IT is astonishing that after six years, there persists the belief that the arbitration award on our maritime claims against China handed down July 13, 2016, by an ad hoc panel that the Philippines organized asserted our rights to the Spratlys. The award is a chimera, something the US and their certified dummies here wish it did, but which, as President Duterte had said, is nothing but a piece of paper.
Why, even the newly appointed Foreign Affairs Secretary Enrique Manalo issued a statement, on the July 13 anniversary of the ruling’s declaration, cut and pasted one from those of his pro-US predecessors, praising it as if it were a decision by a world court that must be enforced.
He should have consulted the more experienced Ambassador Rosario Manalo, who has studied the South China issue for decades. After all, it would have been so easy to ask his stepmother’s opinion. A very outspoken and bold diplomat who refused to join former Foreign secretary Albert del Rosario’s coterie of yes-men (and women), Mrs. Manalo in a 2019 interview* explained in detail why the award doesn’t mean anything really.
She even harshly pointed out (translated loosely from Filipino, which actually sounds harsher): “It was merely a Philippine panel, we handpicked its members, paid them for their time. Well, if you were paid by someone to be in an arbitration panel, won’t you give him a favorable decision?”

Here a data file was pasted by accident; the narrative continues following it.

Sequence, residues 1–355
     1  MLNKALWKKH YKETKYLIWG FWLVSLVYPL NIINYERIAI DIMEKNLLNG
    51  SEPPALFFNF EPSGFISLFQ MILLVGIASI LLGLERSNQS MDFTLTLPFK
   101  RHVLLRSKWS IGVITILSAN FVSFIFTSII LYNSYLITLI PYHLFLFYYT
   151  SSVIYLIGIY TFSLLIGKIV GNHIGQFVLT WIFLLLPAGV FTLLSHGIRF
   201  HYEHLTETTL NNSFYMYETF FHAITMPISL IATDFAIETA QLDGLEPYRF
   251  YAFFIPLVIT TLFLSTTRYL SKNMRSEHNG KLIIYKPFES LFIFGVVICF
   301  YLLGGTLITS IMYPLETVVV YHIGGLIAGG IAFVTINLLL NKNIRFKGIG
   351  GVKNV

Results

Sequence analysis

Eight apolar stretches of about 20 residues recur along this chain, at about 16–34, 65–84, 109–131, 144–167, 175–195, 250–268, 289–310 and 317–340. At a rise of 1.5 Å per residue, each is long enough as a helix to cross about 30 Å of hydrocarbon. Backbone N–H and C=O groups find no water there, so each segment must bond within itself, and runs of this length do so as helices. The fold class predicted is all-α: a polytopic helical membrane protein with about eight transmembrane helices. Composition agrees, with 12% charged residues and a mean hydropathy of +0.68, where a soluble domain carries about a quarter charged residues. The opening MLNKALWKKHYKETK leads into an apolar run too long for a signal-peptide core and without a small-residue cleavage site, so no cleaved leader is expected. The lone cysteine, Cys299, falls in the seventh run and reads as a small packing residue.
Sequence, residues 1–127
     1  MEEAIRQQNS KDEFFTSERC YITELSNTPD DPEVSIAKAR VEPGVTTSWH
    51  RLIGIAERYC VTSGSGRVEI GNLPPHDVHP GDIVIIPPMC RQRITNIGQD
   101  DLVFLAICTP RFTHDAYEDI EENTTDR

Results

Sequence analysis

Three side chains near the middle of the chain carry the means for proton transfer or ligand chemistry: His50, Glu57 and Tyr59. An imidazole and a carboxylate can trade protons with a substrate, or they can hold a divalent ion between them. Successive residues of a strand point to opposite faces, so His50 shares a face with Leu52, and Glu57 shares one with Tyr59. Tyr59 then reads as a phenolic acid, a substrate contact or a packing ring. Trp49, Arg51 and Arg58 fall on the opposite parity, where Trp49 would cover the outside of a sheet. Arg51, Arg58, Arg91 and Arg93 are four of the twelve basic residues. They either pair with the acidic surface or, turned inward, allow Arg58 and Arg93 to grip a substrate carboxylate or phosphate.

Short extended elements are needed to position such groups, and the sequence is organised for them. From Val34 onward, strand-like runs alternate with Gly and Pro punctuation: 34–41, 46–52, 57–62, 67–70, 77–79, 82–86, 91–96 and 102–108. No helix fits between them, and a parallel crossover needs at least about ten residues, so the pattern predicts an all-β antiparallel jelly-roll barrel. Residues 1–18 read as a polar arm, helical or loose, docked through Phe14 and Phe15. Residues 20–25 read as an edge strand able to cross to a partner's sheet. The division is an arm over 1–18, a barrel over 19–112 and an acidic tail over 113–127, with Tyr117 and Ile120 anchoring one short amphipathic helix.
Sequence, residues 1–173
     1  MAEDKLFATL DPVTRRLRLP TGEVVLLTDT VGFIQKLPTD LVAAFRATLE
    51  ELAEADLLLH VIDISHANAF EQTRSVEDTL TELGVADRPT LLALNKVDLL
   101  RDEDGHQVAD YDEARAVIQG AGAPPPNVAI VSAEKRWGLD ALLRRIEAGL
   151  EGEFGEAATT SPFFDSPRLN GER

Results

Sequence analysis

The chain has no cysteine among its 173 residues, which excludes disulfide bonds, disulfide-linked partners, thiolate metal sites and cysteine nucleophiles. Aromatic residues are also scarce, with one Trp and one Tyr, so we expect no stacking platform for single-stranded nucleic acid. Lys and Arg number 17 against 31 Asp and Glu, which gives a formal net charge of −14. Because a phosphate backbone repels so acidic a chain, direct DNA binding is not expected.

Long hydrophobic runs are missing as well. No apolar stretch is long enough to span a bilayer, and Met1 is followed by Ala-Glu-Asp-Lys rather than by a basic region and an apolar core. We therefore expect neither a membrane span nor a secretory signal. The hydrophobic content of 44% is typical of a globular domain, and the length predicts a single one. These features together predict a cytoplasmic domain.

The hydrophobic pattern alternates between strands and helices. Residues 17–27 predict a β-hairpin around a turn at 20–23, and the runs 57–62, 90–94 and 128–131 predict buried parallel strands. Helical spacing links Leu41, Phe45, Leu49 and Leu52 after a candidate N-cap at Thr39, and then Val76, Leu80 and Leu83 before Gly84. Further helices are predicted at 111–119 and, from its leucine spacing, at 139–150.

On second thought though, it is not that surprising that there are still people — mainly del Rosario, who filed the suit, obviously at the urging of the US and retired Justice Antonio Carpio, who helped in crafting the suit with a Washington-based American firm — who see the award as a legal victory that should be enforced.
That is how dominant the US hegemon is, how powerful its propaganda machine is to brainwash people. After all, it convinced the “free world” in 2003 that Iraq leader Saddam Hussein had weapons of mass destruction (WMD), so terrible the Americans had to invade the country. Well, no WMD were ever found. Compared to that lie that led to 1 million Iraqis killed, an “arbitration ruling against China” is a harmless fib.
I have written over a dozen columns on this issue since 2012, and I have written a non-technical but detailed book on the issue, even exposing the oligarchs behind President Benigno Aquino 3rd’s belligerence against China.
The book’s main title is Debacle**, because Aquino’s unnecessarily antagonistic stance against China — mixed with his officials’ bungling and the US betrayal — led to a huge debacle, our country’s loss of Scarborough Shoal to China, an area we had effective control of since our birth as a nation.
My account of this episode — too lengthy to be discussed here — has not been contested, and I am challenging del Rosario and Carpio to debunk it, and I promise to publish their arguments in this column space.